In G 1/05 of 7 December 2006 date: 2006-12-07 (OJ 2007, 362) the Enlarged Board of Appeal stated that it was very important that board members discharged their duty to sit in the cases allocated to them. Board members cannot withdraw from the proceedings at will, i.e. for reasons which have nothing to do with the purpose of the provisions on exclusion and objection (see in this chapter III.J.2.1.).
In G 2/08 of 15 June 2009 date: 2009-06-15 the Enlarged Board also pointed out that its members have a duty to sit on the cases allocated to them (see also G 3/08 of 16 October 2009 date: 2009-10-16) according to their jurisdiction both "ratione legis" and "ratione materiae". That is to say, parties to judicial proceedings have a right to have their case considered and decided by the judge designated or appointed by law. This essential principle is even enshrined at a constitutional level in some EPC contracting states, e.g. Germany, Austria and Switzerland (see T 954/98 of 9 December 1999 date: 1999-12-09, J 15/04, R 15/11). On the other hand, Art. 6(1) of the European Convention of Human Rights (ECHR) requires inter alia that "in the determination of his civil rights and obligations ... everyone is entitled to a fair and public hearing within a reasonable time by an independent and impartial tribunal established by law". These principles are not incompatible and have to be construed in such a way that they are not mutually exclusive.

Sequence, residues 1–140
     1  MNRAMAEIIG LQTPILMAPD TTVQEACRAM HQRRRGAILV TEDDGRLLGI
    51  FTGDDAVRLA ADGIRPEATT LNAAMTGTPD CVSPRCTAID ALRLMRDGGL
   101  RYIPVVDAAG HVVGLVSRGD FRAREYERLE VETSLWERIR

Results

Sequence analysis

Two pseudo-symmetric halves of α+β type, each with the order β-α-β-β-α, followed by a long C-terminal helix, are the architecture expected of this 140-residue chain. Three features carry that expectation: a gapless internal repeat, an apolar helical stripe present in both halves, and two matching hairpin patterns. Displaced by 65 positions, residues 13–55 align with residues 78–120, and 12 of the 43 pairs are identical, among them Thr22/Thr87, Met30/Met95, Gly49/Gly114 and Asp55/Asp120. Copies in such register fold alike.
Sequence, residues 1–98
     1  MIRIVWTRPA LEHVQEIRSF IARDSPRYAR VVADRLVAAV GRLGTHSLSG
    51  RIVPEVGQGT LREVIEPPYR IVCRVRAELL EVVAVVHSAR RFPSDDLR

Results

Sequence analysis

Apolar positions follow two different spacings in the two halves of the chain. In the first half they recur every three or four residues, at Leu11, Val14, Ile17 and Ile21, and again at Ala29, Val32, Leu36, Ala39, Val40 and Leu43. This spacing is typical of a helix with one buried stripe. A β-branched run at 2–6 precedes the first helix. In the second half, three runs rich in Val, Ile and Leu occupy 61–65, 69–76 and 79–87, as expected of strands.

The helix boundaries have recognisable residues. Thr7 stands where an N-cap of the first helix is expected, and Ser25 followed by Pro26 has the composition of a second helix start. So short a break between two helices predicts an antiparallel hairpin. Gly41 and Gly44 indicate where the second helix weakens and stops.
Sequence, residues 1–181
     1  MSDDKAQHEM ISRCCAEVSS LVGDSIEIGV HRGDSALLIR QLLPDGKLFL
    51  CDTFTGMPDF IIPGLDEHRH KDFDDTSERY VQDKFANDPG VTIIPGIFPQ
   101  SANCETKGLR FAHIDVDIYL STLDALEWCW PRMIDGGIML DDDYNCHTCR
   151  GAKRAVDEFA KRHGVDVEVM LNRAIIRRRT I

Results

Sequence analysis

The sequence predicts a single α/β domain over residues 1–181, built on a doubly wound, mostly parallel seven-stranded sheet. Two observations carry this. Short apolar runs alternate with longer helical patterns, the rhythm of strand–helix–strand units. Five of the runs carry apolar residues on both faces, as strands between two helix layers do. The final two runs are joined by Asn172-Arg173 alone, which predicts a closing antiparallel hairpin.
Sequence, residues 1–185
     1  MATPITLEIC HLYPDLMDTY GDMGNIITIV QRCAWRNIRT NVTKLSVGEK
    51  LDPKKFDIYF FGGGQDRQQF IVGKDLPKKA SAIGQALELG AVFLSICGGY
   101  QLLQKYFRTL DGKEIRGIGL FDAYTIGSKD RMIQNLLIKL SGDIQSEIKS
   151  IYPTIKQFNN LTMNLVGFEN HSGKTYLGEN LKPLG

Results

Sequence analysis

In R 19/12 of 25 April 2014 date: 2014-04-25 the Enlarged Board likewise stressed that interpretation of the rules on objections of suspected partiality had to find a balance between two principles: no one may escape the jurisdiction of the judge appointed by law, but on the other hand everyone has a fundamental right to a fair trial before an independent and impartial tribunal (Art. 6(1) ECHR, Art. 47(2) of the Charter of Fundamental Rights of the European Union).
In R 15/11 the board, referring to G 1/05 date: 2006-12-07, held that not only can board members not withdraw from the proceedings at will, but also that the provisions on business distribution must apply for a case re-opened before the board, unless there was a compelling reason for proceeding otherwise. The Enlarged Board stated it was therefore appropriate, when exercising the power of discretion conveyed by R. 108(3), second sentence, EPC, to consider the criteria and standards that have been developed for the replacement of members of the board of appeal following an objection of suspected partiality pursuant to Art. 24(3) and (4) EPC.